Thursday, July 14, 2011
With Apologies to My Friend Carol
"Would you remind me to read your blog?" she asked when we talked a couple of weeks ago.
"You should subscribe," I said. "I don't post every day, and my posts are usually quite short."
I didn't know then I'd be marooned in the suburbs of Baltimore for such a stretch. But I'm needed here for longer than I'd planned, and I am going to be blogging like a maniac unless someone builds a sidewalk from this mobile home park to the nearest Starbucks. Walking on the road with traffic whizzing by, up to my ankles in weeds and a stand of timber edging the road, I could be hit by a deer or a Chevy Suburban. My evening inventory of lawn ornaments and figuring out which trailer I would choose as my Maryland fantasy home keeps me entertained for an hour or so after dinner, but I need conversation about books and the theatre, too. And it just so happens that I brought a stack of New Yorkers. I'm pretty certain I would bore my family silly with talk about either one.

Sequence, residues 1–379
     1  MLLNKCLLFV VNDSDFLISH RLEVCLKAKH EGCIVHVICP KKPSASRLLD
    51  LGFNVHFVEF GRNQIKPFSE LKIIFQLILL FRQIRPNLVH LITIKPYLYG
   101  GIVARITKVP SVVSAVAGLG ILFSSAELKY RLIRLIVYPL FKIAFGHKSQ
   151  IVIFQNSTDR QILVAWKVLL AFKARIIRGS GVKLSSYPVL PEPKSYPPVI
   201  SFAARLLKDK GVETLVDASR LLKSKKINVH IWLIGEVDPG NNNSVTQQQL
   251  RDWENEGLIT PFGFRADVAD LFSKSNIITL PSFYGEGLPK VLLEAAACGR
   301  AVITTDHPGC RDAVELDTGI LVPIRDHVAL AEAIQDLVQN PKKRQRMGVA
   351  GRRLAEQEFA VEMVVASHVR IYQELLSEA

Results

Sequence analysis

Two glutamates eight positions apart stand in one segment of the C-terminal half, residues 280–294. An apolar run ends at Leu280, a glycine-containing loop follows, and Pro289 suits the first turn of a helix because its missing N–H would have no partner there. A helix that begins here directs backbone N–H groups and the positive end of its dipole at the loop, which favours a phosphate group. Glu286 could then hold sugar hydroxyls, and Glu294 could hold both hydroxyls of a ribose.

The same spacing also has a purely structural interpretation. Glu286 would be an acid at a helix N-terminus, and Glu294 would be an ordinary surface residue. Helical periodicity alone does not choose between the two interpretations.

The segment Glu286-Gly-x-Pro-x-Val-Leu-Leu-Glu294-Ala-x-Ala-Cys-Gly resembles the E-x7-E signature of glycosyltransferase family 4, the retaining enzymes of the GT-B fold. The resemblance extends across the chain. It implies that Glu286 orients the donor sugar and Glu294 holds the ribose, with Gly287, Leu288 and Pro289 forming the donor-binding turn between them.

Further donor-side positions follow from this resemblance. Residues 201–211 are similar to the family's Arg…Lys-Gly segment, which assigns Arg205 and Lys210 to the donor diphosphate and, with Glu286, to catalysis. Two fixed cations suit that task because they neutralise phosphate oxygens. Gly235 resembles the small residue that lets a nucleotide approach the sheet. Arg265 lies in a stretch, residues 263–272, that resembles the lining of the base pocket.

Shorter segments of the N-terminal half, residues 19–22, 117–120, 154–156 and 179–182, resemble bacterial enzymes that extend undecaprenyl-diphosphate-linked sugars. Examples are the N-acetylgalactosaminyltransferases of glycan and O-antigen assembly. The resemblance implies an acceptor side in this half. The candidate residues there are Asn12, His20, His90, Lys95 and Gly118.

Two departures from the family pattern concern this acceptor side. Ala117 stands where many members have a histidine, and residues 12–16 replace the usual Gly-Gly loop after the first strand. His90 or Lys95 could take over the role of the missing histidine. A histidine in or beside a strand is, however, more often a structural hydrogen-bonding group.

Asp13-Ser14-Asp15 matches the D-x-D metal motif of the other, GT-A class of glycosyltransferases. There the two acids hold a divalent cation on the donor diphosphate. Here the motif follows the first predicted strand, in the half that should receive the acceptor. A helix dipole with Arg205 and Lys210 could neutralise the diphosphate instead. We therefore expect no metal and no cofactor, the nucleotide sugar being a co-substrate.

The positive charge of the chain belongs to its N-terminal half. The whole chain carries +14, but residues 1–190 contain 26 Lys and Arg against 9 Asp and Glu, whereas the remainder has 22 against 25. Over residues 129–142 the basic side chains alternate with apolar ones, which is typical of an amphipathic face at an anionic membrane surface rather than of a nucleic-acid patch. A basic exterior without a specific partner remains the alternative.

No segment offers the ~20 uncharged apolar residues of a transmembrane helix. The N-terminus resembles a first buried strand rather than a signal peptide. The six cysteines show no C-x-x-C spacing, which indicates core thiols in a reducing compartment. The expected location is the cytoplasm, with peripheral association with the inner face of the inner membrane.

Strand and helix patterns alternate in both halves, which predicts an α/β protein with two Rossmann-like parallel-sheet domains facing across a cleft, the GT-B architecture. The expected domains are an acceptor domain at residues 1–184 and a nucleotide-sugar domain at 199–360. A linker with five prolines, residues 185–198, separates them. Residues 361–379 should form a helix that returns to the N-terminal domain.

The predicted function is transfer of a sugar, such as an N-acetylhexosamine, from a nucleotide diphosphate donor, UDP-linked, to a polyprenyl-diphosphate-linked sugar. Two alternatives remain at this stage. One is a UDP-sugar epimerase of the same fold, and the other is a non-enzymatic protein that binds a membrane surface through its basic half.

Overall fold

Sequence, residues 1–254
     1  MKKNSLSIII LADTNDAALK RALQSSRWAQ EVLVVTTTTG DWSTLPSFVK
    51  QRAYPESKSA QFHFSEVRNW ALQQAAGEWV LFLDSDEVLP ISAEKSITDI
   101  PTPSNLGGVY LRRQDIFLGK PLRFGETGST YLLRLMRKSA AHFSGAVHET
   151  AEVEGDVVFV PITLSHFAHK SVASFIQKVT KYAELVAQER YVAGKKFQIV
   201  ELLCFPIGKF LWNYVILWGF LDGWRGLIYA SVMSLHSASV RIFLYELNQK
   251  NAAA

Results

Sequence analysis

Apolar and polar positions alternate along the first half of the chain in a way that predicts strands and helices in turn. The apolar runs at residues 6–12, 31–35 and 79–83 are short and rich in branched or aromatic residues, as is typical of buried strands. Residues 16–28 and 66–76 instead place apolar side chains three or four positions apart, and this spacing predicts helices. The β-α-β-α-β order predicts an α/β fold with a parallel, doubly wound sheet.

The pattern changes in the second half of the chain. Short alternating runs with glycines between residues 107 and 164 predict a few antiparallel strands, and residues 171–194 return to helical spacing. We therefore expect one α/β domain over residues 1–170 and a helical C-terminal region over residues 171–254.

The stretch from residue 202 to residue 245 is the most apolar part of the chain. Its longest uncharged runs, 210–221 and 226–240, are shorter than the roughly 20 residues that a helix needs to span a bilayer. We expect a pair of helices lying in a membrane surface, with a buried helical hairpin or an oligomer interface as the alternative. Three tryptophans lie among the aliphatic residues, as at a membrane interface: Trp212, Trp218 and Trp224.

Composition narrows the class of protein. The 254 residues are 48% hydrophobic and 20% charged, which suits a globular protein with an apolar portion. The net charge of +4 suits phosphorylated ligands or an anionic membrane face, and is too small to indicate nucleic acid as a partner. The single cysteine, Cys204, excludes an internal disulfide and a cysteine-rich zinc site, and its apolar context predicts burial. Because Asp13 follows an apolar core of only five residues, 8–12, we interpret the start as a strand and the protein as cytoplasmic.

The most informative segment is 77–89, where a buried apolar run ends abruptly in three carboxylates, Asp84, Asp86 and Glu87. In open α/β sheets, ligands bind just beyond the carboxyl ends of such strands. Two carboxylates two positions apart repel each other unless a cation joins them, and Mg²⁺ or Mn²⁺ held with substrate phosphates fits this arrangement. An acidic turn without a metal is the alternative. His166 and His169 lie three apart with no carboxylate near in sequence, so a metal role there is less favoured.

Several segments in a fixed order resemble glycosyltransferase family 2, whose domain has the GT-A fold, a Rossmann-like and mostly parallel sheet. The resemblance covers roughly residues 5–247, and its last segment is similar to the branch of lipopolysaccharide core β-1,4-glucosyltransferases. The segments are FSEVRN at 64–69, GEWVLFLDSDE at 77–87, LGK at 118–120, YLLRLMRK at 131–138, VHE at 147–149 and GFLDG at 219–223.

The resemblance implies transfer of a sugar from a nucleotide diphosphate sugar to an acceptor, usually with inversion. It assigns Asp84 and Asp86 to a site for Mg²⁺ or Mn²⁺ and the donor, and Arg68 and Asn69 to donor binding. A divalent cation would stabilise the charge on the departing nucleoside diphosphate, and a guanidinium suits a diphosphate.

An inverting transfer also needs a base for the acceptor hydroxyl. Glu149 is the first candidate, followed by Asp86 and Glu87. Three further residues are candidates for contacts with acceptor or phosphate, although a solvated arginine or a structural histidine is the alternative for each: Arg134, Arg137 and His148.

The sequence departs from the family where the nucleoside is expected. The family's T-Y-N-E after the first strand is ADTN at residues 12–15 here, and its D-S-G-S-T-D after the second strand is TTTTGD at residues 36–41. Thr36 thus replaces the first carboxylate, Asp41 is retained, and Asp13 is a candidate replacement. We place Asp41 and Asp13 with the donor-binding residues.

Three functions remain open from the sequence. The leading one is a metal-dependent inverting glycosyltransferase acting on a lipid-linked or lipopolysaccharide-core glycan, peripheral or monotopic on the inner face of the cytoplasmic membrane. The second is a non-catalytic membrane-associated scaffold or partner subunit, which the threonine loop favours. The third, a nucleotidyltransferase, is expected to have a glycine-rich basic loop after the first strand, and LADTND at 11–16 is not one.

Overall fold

Here's what captured me today: (sorry, it seems I can't post links from my iPad) "Mouth to Mouth --Sarah Ruhl on attraction and artifice" by John Lahr from the week of May 30th. Lahr reports this from a conversation with Ruhl: "Lightness isn't stupidity. It's actually a philosophical and aesthetic viewpoint, deeply serious, and has a kind of wisdom--stepping back to be able to laugh at the horrible things even as you're experiencing them."
And here's this bit Lahr quotes from her new play, which is called "Stage Kiss,":
"Marriage is about repetition," Harry says to his wife in the finale. "Every night the sun goes down and the moon comes up and you have another chance to be good. Romance is not about repetition."
He also says, "Once a week I can be whoever you want me to be, and you can be whoever I want you to be. Kiss me in a place with no history and no furniture."
Of course because I haven't seen the play, this could be horribly out of context. I just know that Sarah Ruhl's "Euridicye" was, for me, one of the high points of a dozen years of New York theater going.
And I know that I seem to have found some amazing convergence of romance and repetition--though I am intrigued about this business of kissing in a place with no history and no furniture.